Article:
Biomimetics or biomimicry is the imitation of the models, systems, and elements of nature for the purpose of solving complex problems. More simply, it is the adaptation of the natural movement and habits of plants and animals to solve human problems. A good example of this adaptation is the loops and hooks of the popular material Velcro. It mimics the action of burrs and the way they stick to each other. Almost everywhere we look in the natural world we can see models worth copying. From the way snakes use serpentine movement and muscle contraction, jellyfish propel themselves, and the action of light on plants to provide growth, we are surrounded by fascinating motion and function.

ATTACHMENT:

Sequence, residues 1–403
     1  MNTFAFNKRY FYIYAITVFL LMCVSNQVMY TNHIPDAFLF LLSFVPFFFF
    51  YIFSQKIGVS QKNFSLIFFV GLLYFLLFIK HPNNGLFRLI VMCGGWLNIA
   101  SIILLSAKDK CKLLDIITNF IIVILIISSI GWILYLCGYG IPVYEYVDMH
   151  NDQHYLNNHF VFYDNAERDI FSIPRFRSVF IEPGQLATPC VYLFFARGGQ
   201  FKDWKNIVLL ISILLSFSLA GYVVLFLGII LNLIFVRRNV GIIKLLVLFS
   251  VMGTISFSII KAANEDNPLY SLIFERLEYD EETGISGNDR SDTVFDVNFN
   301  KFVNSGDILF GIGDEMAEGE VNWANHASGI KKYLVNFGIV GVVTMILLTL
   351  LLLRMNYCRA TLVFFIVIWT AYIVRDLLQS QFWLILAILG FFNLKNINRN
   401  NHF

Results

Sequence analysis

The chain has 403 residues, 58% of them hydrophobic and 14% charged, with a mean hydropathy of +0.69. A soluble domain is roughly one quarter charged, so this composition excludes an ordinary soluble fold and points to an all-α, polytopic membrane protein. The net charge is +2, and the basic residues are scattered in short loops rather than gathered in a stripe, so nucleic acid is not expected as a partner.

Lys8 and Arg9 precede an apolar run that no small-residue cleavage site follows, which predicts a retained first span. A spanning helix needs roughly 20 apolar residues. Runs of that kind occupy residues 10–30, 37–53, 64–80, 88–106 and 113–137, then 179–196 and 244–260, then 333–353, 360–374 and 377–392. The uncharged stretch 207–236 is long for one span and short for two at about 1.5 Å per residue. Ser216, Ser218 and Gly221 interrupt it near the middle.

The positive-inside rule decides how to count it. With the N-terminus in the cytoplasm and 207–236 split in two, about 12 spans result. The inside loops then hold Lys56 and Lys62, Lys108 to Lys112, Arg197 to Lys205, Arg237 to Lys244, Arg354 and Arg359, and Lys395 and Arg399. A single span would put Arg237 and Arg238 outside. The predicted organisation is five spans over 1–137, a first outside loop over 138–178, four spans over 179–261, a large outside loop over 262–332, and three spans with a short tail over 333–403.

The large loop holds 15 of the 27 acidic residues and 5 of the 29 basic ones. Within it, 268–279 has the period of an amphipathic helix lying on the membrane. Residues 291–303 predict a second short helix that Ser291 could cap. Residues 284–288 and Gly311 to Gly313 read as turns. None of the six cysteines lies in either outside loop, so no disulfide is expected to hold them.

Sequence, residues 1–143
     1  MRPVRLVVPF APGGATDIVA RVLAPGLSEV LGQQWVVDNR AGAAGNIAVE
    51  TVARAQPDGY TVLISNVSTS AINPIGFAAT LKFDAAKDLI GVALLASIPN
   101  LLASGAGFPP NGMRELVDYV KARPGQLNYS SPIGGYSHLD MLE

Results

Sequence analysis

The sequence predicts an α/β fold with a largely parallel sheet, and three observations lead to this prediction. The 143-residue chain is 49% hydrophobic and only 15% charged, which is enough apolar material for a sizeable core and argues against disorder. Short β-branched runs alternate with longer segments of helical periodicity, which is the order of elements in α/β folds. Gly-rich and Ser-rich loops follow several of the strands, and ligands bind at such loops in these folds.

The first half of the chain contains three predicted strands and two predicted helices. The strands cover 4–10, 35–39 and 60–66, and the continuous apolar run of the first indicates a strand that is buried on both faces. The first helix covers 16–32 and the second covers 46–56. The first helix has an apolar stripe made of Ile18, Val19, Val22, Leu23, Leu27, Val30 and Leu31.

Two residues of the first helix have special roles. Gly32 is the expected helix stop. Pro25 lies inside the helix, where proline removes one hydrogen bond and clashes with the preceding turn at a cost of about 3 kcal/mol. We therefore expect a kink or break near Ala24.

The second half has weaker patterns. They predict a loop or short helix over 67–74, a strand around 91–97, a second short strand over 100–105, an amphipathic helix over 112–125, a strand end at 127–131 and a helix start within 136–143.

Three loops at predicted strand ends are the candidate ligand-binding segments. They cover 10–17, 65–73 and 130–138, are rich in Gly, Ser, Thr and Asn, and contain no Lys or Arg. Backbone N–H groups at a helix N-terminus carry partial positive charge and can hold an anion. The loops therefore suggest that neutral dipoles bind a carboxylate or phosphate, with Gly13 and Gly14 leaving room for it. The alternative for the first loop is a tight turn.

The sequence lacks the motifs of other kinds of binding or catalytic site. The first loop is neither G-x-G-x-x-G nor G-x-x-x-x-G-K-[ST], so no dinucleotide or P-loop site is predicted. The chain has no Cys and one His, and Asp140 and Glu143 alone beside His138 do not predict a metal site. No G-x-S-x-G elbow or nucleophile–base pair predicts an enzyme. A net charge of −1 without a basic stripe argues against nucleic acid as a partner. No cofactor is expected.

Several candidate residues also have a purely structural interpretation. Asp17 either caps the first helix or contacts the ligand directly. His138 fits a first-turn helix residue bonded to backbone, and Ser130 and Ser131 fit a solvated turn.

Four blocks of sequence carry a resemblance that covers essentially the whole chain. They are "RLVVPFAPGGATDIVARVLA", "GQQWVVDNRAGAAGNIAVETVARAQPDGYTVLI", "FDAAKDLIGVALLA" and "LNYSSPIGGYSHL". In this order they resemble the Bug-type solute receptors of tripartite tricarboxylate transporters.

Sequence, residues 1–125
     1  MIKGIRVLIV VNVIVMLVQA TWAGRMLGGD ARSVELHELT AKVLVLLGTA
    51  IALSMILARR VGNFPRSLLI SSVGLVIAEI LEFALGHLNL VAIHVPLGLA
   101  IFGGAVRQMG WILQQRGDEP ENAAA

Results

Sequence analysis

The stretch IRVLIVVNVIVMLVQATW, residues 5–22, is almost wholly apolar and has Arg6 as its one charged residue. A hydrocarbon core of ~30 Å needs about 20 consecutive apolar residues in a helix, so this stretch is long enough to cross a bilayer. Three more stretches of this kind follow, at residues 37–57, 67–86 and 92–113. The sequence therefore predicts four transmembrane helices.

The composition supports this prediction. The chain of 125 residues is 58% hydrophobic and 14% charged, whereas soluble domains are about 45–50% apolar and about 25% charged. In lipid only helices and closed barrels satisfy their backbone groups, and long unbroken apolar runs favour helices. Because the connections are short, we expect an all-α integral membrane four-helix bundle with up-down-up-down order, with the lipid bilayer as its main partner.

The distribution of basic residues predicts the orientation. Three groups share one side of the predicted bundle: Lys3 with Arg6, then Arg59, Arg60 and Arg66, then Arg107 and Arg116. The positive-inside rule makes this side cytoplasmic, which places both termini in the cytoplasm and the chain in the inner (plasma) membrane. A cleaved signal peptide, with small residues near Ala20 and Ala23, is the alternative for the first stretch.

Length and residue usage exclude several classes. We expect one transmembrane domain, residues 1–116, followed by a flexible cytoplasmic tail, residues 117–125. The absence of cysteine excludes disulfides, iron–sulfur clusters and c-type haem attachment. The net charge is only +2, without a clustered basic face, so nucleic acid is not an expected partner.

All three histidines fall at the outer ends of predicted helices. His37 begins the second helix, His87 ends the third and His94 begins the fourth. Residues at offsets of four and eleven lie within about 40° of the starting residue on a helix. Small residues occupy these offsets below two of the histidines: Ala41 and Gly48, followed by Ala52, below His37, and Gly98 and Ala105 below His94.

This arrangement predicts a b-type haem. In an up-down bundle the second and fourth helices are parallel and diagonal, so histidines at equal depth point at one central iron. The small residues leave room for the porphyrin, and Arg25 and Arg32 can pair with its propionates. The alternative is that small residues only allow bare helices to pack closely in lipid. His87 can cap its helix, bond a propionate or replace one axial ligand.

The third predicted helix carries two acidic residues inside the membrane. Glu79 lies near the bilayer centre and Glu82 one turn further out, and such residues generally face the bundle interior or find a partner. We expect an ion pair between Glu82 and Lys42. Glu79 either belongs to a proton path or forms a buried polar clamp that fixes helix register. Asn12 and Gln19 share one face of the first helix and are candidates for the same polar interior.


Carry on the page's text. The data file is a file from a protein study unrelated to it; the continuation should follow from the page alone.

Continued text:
One of the earliest attempts at replication was the flight of birds. I can imagine that the very earliest humans on the planet must have wanted to fly. Over 400 years ago, Leonardo da Vinci designed many types of flying machines using birds for his inspiration. One of the most popular was the ornithopter, which is the basis for the toy in the attached video. In the 1980’s a French patent was filed by Brevet with the design for this toy bird that also has US patent coverage. You can see the patent at Google patents under 5,163,861. (Best to copy and paste). I have been fascinated by biomimicry for a long time and thought that this toy was a good example of the process. Enjoy the video and the close up photo of the mechanism.